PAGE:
“I’m not sure what is going to happen,” Demings replied. “But one thing for sure is that if we die today, what we stand for and what we’re working for will not die with us. If we are who we say we are as a nation, then others will come in and certify those electoral votes declaring Joe Biden the president and Kamala Harris the vice president.”


America knows the rest of that story, but Demings’ story is still being revealed.

“Let’s back up to 2016,” she says. “My girl [Hillary Clinton] did not win. But we bowed to the will of the people. I attended the inauguration of President Trump. People criticized me for doing that, but you know why I did it? Because I wanted to watch the peaceful transition of power. I felt it was my duty. What happened on January 6 was disgraceful, shameful, and I’ll say what I’ve said as a career law enforcement officer— everybody counts but everybody is accountable. The people responsible for that day should be, and must be, held accountable. Not just those who were there beating police officers with bats and poles and fire extinguishers and everything else they could get their hands on, but those who helped incite it have to be held accountable.”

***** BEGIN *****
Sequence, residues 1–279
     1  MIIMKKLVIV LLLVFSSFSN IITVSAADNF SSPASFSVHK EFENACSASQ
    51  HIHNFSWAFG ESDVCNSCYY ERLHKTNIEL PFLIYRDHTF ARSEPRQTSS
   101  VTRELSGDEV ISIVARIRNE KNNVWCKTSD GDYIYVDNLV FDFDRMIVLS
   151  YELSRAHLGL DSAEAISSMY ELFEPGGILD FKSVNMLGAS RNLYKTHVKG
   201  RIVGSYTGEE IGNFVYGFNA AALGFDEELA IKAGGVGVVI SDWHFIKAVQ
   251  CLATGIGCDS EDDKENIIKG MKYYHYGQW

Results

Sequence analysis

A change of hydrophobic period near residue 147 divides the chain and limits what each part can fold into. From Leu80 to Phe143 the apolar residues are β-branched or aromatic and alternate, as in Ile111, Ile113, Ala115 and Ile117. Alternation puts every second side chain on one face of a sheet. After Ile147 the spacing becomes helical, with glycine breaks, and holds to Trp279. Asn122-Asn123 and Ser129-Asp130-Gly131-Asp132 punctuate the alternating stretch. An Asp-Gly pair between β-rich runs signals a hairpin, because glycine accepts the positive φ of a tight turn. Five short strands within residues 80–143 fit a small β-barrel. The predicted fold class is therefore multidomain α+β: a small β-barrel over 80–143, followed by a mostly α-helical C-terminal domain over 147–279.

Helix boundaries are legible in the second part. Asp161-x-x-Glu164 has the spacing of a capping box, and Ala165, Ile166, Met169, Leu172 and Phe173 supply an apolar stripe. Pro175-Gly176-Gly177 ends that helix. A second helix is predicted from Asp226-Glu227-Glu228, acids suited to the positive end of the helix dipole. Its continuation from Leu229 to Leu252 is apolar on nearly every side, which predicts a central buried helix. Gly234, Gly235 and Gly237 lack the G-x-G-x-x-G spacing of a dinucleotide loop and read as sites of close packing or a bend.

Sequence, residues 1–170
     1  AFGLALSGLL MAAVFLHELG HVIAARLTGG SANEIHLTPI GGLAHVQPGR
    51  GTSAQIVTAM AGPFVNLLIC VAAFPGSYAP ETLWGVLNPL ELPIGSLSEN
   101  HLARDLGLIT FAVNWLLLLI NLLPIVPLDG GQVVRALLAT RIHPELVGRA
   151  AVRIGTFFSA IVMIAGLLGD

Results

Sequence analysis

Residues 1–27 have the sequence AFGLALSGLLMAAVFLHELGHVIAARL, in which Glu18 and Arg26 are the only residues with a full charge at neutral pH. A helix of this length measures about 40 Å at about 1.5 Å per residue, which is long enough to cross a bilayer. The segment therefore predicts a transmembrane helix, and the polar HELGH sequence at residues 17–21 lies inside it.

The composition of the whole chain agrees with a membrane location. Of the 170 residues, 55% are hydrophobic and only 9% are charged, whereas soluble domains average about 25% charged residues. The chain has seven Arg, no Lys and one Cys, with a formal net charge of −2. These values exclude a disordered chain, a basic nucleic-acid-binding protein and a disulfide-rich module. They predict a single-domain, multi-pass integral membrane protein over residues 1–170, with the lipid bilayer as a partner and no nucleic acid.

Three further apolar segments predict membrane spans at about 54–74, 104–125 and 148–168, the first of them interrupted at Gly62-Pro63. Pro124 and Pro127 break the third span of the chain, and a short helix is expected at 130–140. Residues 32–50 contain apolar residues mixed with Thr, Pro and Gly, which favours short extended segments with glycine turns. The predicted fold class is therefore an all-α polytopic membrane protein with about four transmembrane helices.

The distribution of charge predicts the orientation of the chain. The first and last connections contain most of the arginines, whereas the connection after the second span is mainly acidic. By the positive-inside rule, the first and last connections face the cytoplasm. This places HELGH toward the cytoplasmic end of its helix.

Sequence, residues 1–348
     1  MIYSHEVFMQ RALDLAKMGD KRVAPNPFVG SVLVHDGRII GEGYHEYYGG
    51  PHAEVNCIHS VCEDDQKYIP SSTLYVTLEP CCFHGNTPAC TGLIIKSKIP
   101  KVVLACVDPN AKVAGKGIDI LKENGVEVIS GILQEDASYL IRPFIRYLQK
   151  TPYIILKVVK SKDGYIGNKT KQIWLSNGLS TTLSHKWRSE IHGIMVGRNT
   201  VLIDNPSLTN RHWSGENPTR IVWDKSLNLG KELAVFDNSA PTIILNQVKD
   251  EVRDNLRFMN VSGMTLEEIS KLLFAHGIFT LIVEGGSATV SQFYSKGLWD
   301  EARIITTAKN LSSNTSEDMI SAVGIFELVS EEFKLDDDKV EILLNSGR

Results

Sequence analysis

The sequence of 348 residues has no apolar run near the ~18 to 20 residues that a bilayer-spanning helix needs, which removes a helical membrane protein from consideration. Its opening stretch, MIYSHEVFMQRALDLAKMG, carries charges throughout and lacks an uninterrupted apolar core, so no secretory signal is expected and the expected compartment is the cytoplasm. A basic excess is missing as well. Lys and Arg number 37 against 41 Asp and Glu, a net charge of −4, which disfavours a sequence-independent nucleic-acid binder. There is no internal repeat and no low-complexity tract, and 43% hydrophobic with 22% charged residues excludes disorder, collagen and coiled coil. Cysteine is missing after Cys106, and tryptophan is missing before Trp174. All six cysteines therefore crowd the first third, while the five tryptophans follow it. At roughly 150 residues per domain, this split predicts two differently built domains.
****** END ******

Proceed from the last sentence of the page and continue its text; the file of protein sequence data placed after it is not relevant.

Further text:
Demings reflects on all the times she has taken an oath of office. “What I realized that day,” she says, “is why the oath includes ‘and domestic’ when it says we will support and defend the Constitution. This was not a foreign adversary attacking the center of who we are as a nation. This was a domestic act of terrorism. So while I’ve said and taken the oath, and believe in the oath, I never thought that would happen in the United States of America.”

She points to the congressional race she lost in 2012 and says, “I did not decide to march to the supervisor of elections’ office or to the Capitol in Tallahassee, or to the U.S. Capitol, God forbid. I bowed in humble submission to the will of the people.” She has also never blamed her loss on gender and/or race. She also doesn’t use moving target labels like “African American” and “person of color.” She simply refers to herself as “a Black woman.”

As she runs for the U.S. Senate to affect what goes on in the country, and not just in Florida, Demings brings a powerful personal and professional resume to the battle: